On a vote of 19-0-2, the Alabama Senate gave final approval Thursday to a bill to allow the New Brockton City Council to authorize draft beer sales in that city. If the council passes a draft beer ordinance, New Brockton will become the only municipality in Coffee County to allow draft beer sales. HB 294 by Rep. Barry Moore, R-Enterprise, has gone to the governor for his signature.
Off-Premise License for Breweries Headed to House
Wednesday, the House Economic Development and Tourism Committee OK'd legislation that would create an off-premises liquor license for breweries and brewpubs. HB 530 Rep. Barry Mask, R-Wetumpka, would create an additional $1,000 annual liquor license, which would allow brew pubs to sell the beer they produce in bottles or cans for off-premise consumption. It limits the amount that can be produced for off-premise consumption to 25,000 barrels annually. If the bill becomes law, brewers would be able to sell directly to customers without going through a distributor. The bill now goes to the full House for consideration.
Senate to be Final Test for Home Brewing
By a one-vote margin, the Senate Job Creation and Economic Development Committee voted Wednesday to legalize home brewing in Alabama, sending HB 9 by Rep. Mac McCutcheon, R- Huntsville, to the Senate for final approval. The House of Representatives approved the bill on a vote of 58-33 earlier this month. A home brew bill died in the Senate on the final day of the 2012 regular session.
McCutcheon's bill would allow home brewers to make up to 15 gallons of beer, cider and wine every three months as long their homemade spirits are not offered for sale. A similar Senate bill, SB 171 by Sen. Bill Holtzclaw, R-Decatur, also awaits consideration by the full Senate.
Panel OKs Bill to Allow Incorporated
Golf Communities to Stay Wet
Tuesday, the Senate Governmental Affairs Committee approved SB 390 by Sen. Marc Keahey, D-Grove Hill, which would allow the state's community development districts, which include qualifying golf and marina developments, to remain wet if the district already has the authority to sell alcohol and becomes a municipality, even if the newly incorporated city doesn't have the 1,000 residents required by state law to be a wet municipality. According to testimony during the committee meeting, there are seven community development districts in the state and one that is considering becoming a municipality. On Wednesday, April 10, the House Economic Development and Tourism Committee approved the House companion, HB 549 by Rep. Jim Barton, R-Mobile. Both bills are now ready for consideration by their respective chambers.
Senate to Get Final Say on Bill to Allow
Pharmacists to Destroy Outdated or Unused Drugs
HB 237 by Rep. Elaine Beech, D-Chatom, which would allow pharmacies in Alabama to accept unused or expired dispensed medications for destruction, is headed to the Senate for final approval. The Senate Health Committee approved the bill Wednesday. Current law forbids pharmacists from paying refunds for unused prescription drugs. This bill would allow pharmacists to accept unused drugs for the purposes of destruction only. Chatom is a retired pharmacist. The Alabama House unanimously approved the bill Wednesday, April 10.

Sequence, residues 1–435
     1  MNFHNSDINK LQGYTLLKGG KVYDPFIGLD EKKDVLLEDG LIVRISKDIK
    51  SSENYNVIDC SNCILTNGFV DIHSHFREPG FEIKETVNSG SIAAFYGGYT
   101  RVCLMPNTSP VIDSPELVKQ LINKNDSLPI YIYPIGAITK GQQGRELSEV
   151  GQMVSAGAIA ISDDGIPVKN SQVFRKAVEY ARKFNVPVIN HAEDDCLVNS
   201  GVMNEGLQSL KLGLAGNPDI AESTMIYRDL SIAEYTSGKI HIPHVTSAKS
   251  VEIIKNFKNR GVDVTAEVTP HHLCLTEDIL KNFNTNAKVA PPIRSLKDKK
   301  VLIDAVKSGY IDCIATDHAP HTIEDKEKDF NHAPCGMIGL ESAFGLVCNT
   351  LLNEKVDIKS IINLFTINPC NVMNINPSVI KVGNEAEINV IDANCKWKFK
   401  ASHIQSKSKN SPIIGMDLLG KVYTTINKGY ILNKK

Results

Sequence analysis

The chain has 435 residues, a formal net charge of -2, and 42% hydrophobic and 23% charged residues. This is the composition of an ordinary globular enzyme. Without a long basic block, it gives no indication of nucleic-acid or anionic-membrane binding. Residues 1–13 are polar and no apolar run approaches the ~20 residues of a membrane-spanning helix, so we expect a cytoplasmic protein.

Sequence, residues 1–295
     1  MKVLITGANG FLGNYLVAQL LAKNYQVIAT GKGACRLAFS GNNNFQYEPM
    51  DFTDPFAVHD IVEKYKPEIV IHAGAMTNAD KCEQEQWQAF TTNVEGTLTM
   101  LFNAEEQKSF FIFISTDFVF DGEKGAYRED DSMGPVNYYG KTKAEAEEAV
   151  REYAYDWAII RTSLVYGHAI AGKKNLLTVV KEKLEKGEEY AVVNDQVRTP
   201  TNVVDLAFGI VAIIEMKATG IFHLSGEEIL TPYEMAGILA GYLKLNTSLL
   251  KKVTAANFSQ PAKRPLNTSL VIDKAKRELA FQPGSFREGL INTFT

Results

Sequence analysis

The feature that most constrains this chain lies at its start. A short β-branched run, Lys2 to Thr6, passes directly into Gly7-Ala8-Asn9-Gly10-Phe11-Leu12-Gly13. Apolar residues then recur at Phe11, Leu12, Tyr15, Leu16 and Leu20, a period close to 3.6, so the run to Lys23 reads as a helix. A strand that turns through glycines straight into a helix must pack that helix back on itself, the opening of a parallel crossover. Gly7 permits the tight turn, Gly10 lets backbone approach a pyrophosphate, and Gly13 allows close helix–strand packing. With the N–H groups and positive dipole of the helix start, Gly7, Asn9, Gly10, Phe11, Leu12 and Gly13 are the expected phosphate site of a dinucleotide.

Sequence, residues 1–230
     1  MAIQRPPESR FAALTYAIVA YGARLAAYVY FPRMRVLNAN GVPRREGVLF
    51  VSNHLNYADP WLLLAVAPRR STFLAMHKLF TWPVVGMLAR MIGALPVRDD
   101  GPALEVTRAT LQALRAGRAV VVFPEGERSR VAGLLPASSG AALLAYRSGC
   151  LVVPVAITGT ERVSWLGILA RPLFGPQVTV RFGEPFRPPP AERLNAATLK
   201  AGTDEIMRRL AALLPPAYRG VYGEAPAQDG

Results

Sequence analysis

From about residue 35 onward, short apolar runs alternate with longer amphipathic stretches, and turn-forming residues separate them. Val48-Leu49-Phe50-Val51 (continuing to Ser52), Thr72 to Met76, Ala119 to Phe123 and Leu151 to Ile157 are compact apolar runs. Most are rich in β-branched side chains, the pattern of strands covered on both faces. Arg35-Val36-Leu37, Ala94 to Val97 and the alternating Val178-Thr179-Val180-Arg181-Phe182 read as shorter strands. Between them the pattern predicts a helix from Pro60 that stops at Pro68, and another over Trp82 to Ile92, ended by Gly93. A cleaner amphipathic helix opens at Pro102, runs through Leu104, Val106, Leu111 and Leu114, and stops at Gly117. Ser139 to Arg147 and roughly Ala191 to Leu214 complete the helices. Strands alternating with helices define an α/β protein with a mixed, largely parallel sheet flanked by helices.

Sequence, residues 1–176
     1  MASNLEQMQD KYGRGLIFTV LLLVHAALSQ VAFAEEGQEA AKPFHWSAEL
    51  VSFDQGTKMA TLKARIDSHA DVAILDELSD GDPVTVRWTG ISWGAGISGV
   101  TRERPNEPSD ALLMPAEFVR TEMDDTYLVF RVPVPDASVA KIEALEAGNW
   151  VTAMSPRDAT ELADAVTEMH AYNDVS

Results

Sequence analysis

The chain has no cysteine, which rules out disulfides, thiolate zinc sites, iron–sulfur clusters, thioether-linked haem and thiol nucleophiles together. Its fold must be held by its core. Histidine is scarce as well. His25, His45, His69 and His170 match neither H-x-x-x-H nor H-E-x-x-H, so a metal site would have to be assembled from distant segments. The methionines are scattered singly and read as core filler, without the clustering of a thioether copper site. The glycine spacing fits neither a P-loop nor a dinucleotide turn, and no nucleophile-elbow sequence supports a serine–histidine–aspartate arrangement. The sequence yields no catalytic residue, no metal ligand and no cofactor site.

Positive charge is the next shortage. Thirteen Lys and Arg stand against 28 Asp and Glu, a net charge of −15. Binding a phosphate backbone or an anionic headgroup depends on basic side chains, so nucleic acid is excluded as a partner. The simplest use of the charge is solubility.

Drug Database Reform with Pharmacist
Protection Headed to Senate for Final OK
Wednesday, the Senate Judiciary Committee unanimously approved HB 150, the Controlled Substances Prescription Database reform bill by Rep. Jim McClendon, R-Springville, sending it to the full Senate for final consideration. The bill is part of a three-bill package to further regulate the sale and use of controlled substances as prescription drugs. At the request of the Alabama Retail Association, HB 150 and its Senate companion, SB 115 by Sen. Cam Ward, R-Alabaster, protect pharmacists from liability by retaining current law, which states pharmacists are not obligated to check the database every time they fill a prescription for controlled substances. No state mandates that pharmacists consult the database before dispensing drugs.
The legislation changes the makeup of the Controlled Substances Prescription Database Advisory Committee, allows for committee teleconferencing and video conferencing and tweaks who has access to the database. Another provision calls for adding the method of payment and the third-party payer identification to the information included in the database. The Senate bill also is ready for consideration by the full Senate.
House Judy OKs LLC Reform
The House Judiciary Committee on Wednesday amended and approved HB 531, or the Uniform Alabama Limited Liability Company Law, by Rep. Paul DeMarco, R-Homewood, which would replace the current limited liability company law. It now goes to the full House for consideration.
The bill focuses on the contractual nature of LLCs and has few mandatory features. The bill, however, does say the implied contractual covenant of good faith and fair dealing cannot be modified. The bill also acknowledges that LLCs can be used for purposes other than operation of a business.
>> Summary of HB 531
Bill Would Protect State from Innovator Liability Suits